Opinion 4 minute read
Good communication is what PR is all about. We spend our days writing stunning copy, great press releases, engaging intelligently online and generally attracting attention for our clients. And yet, it is a mystery to me why so many of the PR hopefuls out there simply don’t know how to do their own PR when securing a job.
Only this morning an email came in with a CV attached, but with the salutation addressing not me, but another managing director in another consultancy. Your big chance and it’s gone. Email should be the answer to every PR hopeful’s dream – emails direct to the recipient that get opened in real time and dealt with (we hope!) instantly. It offers so many opportunities to get it right, so what a shame when someone gets it so wrong. It is an extremely competitive environment out there, so anyone looking for a job has got to work extra hard just to get noticed.
So here is a sanitised version of my recent rant during our latest round of recruitment. PR graduates and would-be trainees, please read and take note.
Check your copy again and again. Get someone else to read it. Why would I employ you if you are going to write press releases, emails, Tweets with mistakes in? So make sure your CV and covering email or letter are word perfect.
The PR world is small and in Scotland where we are based, it is even smaller. People know people and if you make claims about a previous internship or job, you will be found out and struck off the list. It has happened.
Sell yourself as a PR person, not as a leader
Your would-be boss wants someone who will make their job easier – not a 22-year-old competitor. Take time to demonstrate what you have learnt so far, how you will be effective in PR and how you will achieve results within a team rather than focusing on your great leadership skills.
Make sure you do what it says on your tin
In the digital age it takes a matter of minutes to have your own Twitter persona, create a blog or write a feature. Use these tools to demonstrate how you will make a difference and with any luck companies will already know of you before you even apply. These days no one is going to interview someone who has no idea about social and online media. In the lifespan of our industry, the explosion of this medium is having more impact than the move to digital print in the late 1980s, so it’s vital to be out there.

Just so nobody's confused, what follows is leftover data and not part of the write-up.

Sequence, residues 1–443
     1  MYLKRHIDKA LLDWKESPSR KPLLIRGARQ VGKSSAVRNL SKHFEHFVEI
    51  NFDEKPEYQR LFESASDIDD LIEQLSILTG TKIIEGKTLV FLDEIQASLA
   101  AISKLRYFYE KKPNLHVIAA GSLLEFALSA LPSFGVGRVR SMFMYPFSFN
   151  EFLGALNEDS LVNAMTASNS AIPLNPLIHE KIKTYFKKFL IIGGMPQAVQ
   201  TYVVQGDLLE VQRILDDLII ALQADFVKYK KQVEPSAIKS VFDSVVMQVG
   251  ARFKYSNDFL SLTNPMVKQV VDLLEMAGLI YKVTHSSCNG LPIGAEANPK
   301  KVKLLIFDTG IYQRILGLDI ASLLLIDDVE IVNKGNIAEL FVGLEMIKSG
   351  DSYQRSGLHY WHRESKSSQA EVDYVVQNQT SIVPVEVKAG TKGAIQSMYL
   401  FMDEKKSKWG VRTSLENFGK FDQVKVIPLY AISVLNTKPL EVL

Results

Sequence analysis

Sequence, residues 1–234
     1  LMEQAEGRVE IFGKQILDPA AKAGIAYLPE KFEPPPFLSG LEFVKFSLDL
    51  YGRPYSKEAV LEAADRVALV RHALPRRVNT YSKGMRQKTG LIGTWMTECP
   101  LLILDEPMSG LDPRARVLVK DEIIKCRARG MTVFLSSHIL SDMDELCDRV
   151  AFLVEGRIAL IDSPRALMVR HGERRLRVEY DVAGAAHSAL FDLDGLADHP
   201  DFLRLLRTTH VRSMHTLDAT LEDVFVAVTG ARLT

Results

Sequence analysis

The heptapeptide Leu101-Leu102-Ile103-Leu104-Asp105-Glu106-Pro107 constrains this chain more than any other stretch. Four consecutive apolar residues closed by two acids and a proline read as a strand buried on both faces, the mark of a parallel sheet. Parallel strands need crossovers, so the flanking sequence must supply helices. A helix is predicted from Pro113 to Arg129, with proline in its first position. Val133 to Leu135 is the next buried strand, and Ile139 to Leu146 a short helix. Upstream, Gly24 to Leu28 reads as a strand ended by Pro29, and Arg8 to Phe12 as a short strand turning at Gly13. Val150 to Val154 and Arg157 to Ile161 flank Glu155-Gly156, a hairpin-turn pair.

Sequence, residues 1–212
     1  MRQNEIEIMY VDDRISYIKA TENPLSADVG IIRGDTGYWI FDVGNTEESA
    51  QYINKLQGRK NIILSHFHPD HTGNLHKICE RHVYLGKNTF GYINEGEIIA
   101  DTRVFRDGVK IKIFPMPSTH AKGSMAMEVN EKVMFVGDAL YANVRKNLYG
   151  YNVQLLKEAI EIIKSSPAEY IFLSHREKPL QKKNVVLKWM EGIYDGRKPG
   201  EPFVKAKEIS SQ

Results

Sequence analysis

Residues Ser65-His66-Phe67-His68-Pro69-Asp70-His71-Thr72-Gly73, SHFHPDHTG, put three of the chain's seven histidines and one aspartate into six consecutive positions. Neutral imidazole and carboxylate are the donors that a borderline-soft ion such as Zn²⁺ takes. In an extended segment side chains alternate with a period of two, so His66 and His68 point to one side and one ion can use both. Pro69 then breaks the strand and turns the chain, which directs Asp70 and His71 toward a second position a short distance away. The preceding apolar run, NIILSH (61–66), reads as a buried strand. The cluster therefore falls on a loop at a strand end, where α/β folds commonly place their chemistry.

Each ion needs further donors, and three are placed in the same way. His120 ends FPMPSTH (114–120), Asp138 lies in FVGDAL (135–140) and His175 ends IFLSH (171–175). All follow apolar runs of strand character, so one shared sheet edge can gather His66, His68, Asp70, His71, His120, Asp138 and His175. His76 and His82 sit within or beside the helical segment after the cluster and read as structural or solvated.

While it might be a cliché to say pick up internships and experiences, even these at the moment are not falling into the lap of every graduate and many people are having to interview even for a two-week unpaid placement. Treat each one like a job application – a foot in the door or a live recommendation from within the industry is worth a lot. Then, when you are offered a placement, don’t whinge that it is not a real, permanent job!
We none of us have any secrets
Managing directors may appear old and out of date, but we know what’s going on online, it’s our job. It is no fallacy that companies check out potential employees on Facebook, YouTube and other social media sites. It may be a good idea to check your privacy settings or at least remove the dodgy pictures of the student parties. I know of one managing director who, on checking a member of staff’s Facebook page, saw that his hobbies were “taking illicit substances and avoiding the boss”. Might be worth doing a quick check of your status before you apply?
And once you are in ….
Be keen, be visible and make yourself indispensable by discovering skills for yourself that are unique – everyone loves a doer and someone who knows something the boss doesn’t is bound to be valuable!
Just a note. If you happen to be looking for a PR job in the UK, it's worth checking out PRmoment Jobs. (We wrote that bit, not Angela!)
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